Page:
Using secondary sources to
support your interpretations
The need to use secondary sources
in your essays is one of the most obvious ways in which degree-level study
differs from that at lower academic levels. Why is it important to do background
reading? It is a requirement because the nature of literary study at degree
level is much broader than at A-level or on access courses. You are encouraged
to be aware of and to engage with the range and diversity of critical opinions
and interpretations which exist in relation to particular texts, authors and
genres. Although the basis of your essay will be your own ideas about the
text(s) you are studying, these will be enhanced if they are informed by an
awareness of what others have thought and written about those texts.
reading is obviously useful to you if there are aspects
of the texts you are studying which you find difficult to
understand. Beyond this, reading literary criticism is
one of the principal ways in which you can develop your
own critical skills and interpretative abilities. As you
progress through the course your competencies as a reader
and critic will be expanded by your looking at how others
analyse and understand literature, and you will be better
able to enter into literary discussion and debate.
When you are selecting secondary
texts to consult in writing your essay, it can be helpful to know or find
out where the authors are 'coming from'. For example, what is their particular
critical stance (e.g. feminist? Marxist?) and how does it compares to other
schools of critical thought? This can help you in evaluating the usefulness
of that criticism in relation to the subject you are writing about.
Be aware of
over-relying on any single critical source in your essay:
in deciding what you think about a text or issue, it
always helps to look at a number of critical viewpoints
on it rather than just one.
Background reading should inform
your own interpretation and critical analysis of texts. It can usefully shape
your ideas and influence your thinking, but it must not appear replace your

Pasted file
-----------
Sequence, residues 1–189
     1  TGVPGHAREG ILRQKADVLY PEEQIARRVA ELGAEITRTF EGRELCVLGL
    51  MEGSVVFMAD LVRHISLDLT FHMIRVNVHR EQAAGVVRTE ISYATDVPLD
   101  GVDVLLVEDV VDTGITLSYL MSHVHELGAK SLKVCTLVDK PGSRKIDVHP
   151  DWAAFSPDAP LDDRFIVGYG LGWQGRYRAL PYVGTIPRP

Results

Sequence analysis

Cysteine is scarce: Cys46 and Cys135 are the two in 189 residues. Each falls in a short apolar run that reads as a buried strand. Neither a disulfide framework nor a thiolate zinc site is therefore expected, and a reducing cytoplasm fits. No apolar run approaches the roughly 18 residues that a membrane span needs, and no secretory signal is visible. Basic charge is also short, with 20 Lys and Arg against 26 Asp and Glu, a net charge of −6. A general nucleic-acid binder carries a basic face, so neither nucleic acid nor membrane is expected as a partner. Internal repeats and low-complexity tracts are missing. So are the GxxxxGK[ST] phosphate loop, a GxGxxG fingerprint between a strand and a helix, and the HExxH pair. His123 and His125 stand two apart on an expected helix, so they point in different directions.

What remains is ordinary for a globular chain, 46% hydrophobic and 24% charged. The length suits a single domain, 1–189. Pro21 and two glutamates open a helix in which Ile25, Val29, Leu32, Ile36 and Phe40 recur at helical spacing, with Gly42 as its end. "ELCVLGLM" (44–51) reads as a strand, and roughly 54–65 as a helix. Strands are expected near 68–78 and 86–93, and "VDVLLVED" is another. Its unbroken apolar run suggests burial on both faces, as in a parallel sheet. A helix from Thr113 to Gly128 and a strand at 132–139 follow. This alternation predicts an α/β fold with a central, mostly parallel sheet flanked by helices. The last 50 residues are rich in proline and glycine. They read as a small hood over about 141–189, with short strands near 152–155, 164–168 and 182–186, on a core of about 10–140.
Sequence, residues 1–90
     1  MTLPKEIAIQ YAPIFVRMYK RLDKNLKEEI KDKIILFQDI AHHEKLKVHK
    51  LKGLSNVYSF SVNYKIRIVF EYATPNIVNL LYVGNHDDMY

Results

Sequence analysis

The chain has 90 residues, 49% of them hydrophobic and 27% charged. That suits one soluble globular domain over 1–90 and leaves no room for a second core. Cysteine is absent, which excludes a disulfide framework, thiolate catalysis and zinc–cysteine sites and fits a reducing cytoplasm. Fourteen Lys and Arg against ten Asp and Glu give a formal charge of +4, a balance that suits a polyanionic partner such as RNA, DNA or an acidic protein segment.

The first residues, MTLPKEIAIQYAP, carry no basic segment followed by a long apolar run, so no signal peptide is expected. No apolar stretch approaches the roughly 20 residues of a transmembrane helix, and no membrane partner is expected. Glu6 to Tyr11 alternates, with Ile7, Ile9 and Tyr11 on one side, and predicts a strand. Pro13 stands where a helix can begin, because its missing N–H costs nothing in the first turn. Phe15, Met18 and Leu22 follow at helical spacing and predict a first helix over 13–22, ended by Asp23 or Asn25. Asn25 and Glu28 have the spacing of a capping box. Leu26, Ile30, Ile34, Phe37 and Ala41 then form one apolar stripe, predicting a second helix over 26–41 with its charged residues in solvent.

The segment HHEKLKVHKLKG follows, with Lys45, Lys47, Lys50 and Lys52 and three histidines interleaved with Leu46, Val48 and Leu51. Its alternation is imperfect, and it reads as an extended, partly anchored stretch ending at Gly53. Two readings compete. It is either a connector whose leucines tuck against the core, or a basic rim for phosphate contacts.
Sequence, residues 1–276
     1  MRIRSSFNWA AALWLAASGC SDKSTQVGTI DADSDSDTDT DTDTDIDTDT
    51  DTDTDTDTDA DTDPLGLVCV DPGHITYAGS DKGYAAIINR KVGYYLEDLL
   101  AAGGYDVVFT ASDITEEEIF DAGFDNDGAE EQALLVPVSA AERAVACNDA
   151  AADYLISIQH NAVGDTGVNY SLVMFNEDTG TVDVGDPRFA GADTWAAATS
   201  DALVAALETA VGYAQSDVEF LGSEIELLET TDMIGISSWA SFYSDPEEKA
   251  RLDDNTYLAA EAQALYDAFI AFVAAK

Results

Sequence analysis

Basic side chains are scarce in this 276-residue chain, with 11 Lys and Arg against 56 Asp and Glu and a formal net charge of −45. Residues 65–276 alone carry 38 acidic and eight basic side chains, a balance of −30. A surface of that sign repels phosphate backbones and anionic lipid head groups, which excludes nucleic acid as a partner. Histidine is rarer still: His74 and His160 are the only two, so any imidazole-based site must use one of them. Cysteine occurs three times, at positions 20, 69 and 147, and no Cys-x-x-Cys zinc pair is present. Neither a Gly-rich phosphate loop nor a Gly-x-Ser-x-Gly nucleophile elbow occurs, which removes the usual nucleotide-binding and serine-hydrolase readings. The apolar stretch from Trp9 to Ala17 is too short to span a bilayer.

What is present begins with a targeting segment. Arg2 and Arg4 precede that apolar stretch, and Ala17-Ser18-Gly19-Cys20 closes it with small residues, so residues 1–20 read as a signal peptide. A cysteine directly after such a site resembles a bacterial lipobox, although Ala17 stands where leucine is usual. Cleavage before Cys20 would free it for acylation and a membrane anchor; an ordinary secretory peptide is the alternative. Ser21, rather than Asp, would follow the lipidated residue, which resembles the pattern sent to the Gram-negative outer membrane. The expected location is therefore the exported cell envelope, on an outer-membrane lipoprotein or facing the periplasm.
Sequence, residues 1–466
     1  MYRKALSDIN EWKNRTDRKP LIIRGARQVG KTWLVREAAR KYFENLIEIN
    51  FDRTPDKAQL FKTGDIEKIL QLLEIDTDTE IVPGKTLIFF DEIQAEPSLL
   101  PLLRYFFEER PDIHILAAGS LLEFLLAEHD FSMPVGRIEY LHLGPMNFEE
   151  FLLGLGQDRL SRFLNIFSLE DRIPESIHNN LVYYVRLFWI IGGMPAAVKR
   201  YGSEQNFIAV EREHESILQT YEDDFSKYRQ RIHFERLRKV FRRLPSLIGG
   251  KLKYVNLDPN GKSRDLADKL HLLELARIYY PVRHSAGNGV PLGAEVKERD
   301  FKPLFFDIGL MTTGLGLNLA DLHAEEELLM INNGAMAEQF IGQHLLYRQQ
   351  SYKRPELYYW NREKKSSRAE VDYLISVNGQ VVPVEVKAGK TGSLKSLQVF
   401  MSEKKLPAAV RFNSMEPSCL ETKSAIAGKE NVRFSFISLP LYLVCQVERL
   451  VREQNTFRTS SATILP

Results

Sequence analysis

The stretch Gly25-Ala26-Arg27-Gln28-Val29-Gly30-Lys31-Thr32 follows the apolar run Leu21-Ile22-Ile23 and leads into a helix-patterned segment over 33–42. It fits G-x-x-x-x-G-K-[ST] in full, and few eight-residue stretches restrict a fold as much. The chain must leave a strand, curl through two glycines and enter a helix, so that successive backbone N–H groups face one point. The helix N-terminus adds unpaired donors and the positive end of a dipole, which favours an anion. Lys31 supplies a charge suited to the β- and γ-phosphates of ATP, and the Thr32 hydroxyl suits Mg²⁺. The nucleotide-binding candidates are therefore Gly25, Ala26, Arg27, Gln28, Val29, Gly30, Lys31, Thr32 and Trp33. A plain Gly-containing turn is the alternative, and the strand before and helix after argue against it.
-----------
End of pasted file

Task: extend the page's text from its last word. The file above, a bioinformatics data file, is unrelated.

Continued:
own views. You need to demonstrate that you are giving something of a personal
response (which is nonetheless influenced by your reading).
Secondary sources are more than
just a resource which you can plunder to support what it is you are saying
about the text(s). It will help you in developing your understanding (and
writing style) if you try to read whole critical articles, rather than just
skim-reading them for suitable quotes.
You do not have to accept what
you read in secondary texts uncritically. You are entitled to use or reject
secondary material as you wish. You can introduce material from a secondary
text in order to support a particular interpretation which you are making
(i.e. you agree with what the critic has said). Alternatively, you could quote
from a secondary text and then take issue with the opinion it represents/contains,
disagreeing with it and giving your preferred point of view or interpretation.
Your bibliography must include
all critical sources which you have consulted in writing the essay. If you
have made use of a specific idea from a secondary critical source, you must
cite that author within the essay itself. Plagiarism, which is the unacknowledged
use of someone else's work, is taken very seriously by tutors. If you are
accused of plagiarism and found guilty, there may be repercussions beyond
your merely failing the assignment. Refer to any advice that you have been
given about referencing, bibliography, use of footnotes and plagiarism.